Anthropology...in the field; not for the squeamish
In simple translation; Anthropology is the study of 'Man' or 'Human'. There is the archaeological aspect, which is the study of the past, and the study of Human culture, which often is in the present.
It is not just digging up a pot and dating it to 4004 B.C. but understanding why it was made this way and what it was used for.
Today, anthropologists go out into the field, unlike the "Father of Anthropology", Tylor, who was known as an 'Armchair' ; as he never left his home. Tylor took stories from sailors, many of them ridiculous, but since he did not bestir himself, he didn't know he was being played.
Because of this, a great deal of rubbish wrapped in scientific book covers was published.
As an aside; When Marx wrote his original work along with Engles they had depended on Tylor's research into human culture. This is why the famous 'Gen' system is flawed.
Let that be a lesson; do your own research and don't trust the work of anyone
who hasn't been there and seen for him/herself.
Further, remember; history belongs to the Victors. Those who were in power then, or who are in power now, will often 'spin' the data, and leave out information, so you virtually are on your own.
Everyone grows up in a culture.
You don't appreciate the various
cultural biases you have because
'everyone' in your district/country
does pretty much what you do,
how you do it.
You think this is 'Universal'.
Everything from burial practices, to the preparation of food, to the way one
speaks to another is culturally determined.
There is no one exact right and no exact wrong. It depends on the culture and what their historical knowledge consists of.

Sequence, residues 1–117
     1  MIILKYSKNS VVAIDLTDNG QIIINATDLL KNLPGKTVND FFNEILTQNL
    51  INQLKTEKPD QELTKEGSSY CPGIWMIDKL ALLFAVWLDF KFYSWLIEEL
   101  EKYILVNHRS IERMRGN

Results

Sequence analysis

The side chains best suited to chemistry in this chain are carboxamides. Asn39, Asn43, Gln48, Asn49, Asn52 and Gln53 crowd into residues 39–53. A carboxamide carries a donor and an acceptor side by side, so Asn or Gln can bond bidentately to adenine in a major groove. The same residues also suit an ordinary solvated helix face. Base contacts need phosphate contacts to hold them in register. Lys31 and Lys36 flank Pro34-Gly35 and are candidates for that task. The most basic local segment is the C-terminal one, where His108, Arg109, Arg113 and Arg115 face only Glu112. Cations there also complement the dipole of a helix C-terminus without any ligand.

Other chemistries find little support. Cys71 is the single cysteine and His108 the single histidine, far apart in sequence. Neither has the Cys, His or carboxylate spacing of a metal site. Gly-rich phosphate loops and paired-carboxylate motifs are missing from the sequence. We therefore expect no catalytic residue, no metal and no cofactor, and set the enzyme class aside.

The most 'primitive' people did not die in the 2004 tsunami; they knew when the sea pulls back it's going to come in very far very fast, so they raced to higher ground.
Modern people, watched.
Hence, make no value judgement on what the people you are about to study do. They know their environment. They've survived in it for quite sometime.
How to Maintain Balance
Often an Anthropologist will find him or herself amongst people they find
odious. This will make collection of data difficult.
Everything is a problem, everything is between ick and ptui.
No one is going to pay for a study of ick and ptui. Hence you must find
something that you can study.
Whether it is music, house decoration, agricultural practices. something that you can manage. Yes, your thesis will be limited, but you may become the leading expert on tattoos.
Understand you are here to observe, not to interfere. You are to learn, not teach. If you can get away for a few days, do so. If you can't, take a few days off, to clear your mind.
Make no assumptions, let the people tell you why they do something. They may lie, they may behave as if they are schizophrenic and if you're astute you'll catch it, (but not let them know).
Always consider that someone is going to read your work and accept it as true, and act upon it. Hopefully, not to their detriment.
Focus and Discover
In many societies, whether you're studying Stockbrokers on Wall Street or Market Vendors in Kingston, you'll find the dichotomy.
That is, people know they are supposed to say/do/believe and although
they might say, may not do nor believe.
In conversations to 'one of their own' they might admit some pretty excoriating things. In conversation to an 'outsider' the word is persiflage. This 'duality' will give you the clearest insight into what the people really believe and why they do what they do.
A lot of 'fanatics', for example, be they religious, political or social, actually don't
really believe in their cause.
They are talking and behaving to convince themselves, to create the self that is
a 'true believer' so resort to the most blatant and violent (whether verbal/physical)
actions.Their mouth may say something, their body may do something else.
Only a clear eyed anthropologist can see this dichotomy and carefully map it.
In every culture, even your own, there are things you do which other people
may consider disgusting.
I'm not just talking about nose picking and fart laying, (although those count)
I am talking about what people eat, how they treat each other, how they speak.
For example, eating snails.
The French and Italians consider it a delicacy. Trinidadians eat it. Jamaicans
will vomit if you tell them they ate a snail.
Understand that if you eat snails you think they are tasty, if you don't you think
they are disgusting.
This is pattern you must adopt when observing a culture.
How 'they' see it is important, how you see it, isn't.